MNA Earns National Recognition

One thing that unites us as a nation is land: Americans strongly support saving the open spaces they love. For more than 65 years, MNA has been doing just that for the people of Michigan. Today, MNA announced it has renewed its land trust accreditation – proving once again that, as part of a network of over 400 accredited land trusts across the nation, it is committed to professional excellence and to maintaining the public’s trust in its conservation work.

“Maintaining accreditation is one of the many ways MNA is committed to conservation excellence,” said Garret Johnson, MNA’s Executive Director. “It means our conservation work and business practices meet the highest professional standards within the national land trust community. Earning the accreditation seal, a true mark of distinction, speaks volumes to our members, donors, and the public about our ability to uphold their trust and protect important natural lands forever.”

MNA provided extensive documentation and was subject to a comprehensive third-party evaluation prior to achieving this distinction. The Land Trust Accreditation Commission awarded renewed accreditation, signifying its confidence that MNA’s lands will be protected forever.

Accredited land trusts now steward almost 20 million acres – nearly the size of the entire state of Michigan. MNA first achieved national accreditation through the Land Trust Accreditation Commission (LTAC) in 2014, and after review of MNA’s application for renewal this spring, the LTAC announced on Wednesday that MNA had successfully earned its first renewal. Accreditation is renewed every five years, and MNA is proud to have earned this designation.

“It is exciting to recognize MNA’s continued commitment to national standards by renewing this national mark of distinction,” said Tammara Van Ryn, executive director of the Commission. “Donors and partners can trust the more than 400 accredited land trusts across the country are united behind strong standards and have demonstrated sound finances, ethical conduct, responsible governance, and lasting stewardship.”

MNA is one of 1,363 land trusts across the United States according to the Land Trust Alliance’s most recent National Land Trust Census. A complete list of accredited land trusts and more information about the process and benefits can be found at http://www.landtrustaccreditation.org.

About MNA
Established in 1952, the Michigan Nature Association is a non-profit conservation organization committed to the protection and maintenance of special natural areas throughout the state. Through stewardship, MNA works to protect the rare and endangered plants and animals that reside in these areas, and promote a program of natural history and conservation education. For more than 65 years, MNA has worked to acquire and protect more than 175 nature sanctuaries from the northern tip of the U.P. to the Indiana/Ohio border. In 2019, MNA received an inaugural Planet Award from the Consumers Energy Foundation to protect rare, threatened and endangered plants and animals in eight counties across southern Michigan. For more information on MNA and current initiatives, visit www.michigannature.org.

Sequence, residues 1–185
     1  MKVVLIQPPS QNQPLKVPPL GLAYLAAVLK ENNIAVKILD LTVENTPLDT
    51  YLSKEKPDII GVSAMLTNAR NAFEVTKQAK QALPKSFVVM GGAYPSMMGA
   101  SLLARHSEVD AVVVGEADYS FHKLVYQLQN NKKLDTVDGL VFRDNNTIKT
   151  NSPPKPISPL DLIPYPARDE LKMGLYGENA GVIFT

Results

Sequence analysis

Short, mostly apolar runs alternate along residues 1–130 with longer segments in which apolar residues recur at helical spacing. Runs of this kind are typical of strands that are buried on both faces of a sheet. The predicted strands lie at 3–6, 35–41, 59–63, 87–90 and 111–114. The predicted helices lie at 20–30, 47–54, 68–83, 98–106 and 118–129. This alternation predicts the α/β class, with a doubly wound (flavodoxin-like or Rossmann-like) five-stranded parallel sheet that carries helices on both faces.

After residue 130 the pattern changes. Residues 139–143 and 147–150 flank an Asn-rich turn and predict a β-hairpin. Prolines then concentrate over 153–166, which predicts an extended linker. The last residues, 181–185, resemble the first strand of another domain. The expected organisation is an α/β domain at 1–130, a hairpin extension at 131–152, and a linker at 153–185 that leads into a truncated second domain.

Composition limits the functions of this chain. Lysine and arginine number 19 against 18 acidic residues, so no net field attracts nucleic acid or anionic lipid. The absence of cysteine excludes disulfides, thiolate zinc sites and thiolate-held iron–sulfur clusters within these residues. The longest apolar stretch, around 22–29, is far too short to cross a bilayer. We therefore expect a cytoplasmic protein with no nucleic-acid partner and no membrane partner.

About the Land Trust Accreditation Commission
The Land Trust Accreditation Commission inspires excellence, promotes public trust and ensures permanence in the conservation of open lands by recognizing organizations that meet rigorous quality standards and strive for continuous improvement. The Commission, established in 2006 as an independent program of the Land Trust Alliance, is governed by a volunteer board of diverse land conservation and nonprofit management experts. For more, visit www.landtrustaccreditation.org.

About the Land Trust Alliance
Founded in 1982, the Land Trust Alliance is a national land conservation organization that works to save the places people need and love by strengthening land conservation across America. The Alliance represents 1,000 member land trusts supported by more than 200,000 volunteers and 4.6 million members nationwide. The Alliance is based in Washington, D.C., and operates several regional offices.

The Alliance’s leadership serves the entire land trust community—our work in the nation’s capital represents the policy priorities of land conservationists from every state; our education programs improve and empower land trusts from Maine to Alaska; and our comprehensive vision for the future of land conservation includes new partners, new programs and new priorities. Connect with us online at www.landtrustalliance.org.

Understanding Conservation Impacts on Michigan’s Rare Turtles

MNA works every day to protect the most vulnerable plant and animal species in the state. Two recent projects of particular interest are the turtle surveys being conducted at MNA sanctuaries in the southern Lower Peninsula.

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Blanding’s turtle crossing a road near Lefglen Nature Sanctuary. Photo by Rachel Maranto.

The Blanding’s turtle is a Michigan species of special concern, due to the risk of habitat fragmentation. Because the Blanding turtles utilize a range of terrestrial and aquatic habitats, they are especially impacted by the use of pesticides and the construction of roadways near wetlands, which causes fragmentation of the landscape at wetland complexes.

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Steward Rebecca Kenny holds a spotted turtle during a survey in May, 2019. Photo by Rebecca Kenny.

Spotted turtles are a Michigan threatened species, which have historically been found in the southern and western areas of the Lower Peninsula. These turtles prefer shallow wetland habitats, such as marshes and fens, and require clean water for their survival.

Both the Blanding and Spotted turtles are currently being reviewed by the U.S. Fish and Wildlife Service for potential listing under the U.S. Endangered Species Act; and both are considered vulnerable to climate change according to the Michigan Natural Features Inventory. MNA Volunteers and Stewards have recently conducted preliminary surveys to better understand these species’ usage at several MNA sanctuaries. The initial Blanding’s turtle survey will determine where larger populations may exist within the MNA sanctuary system.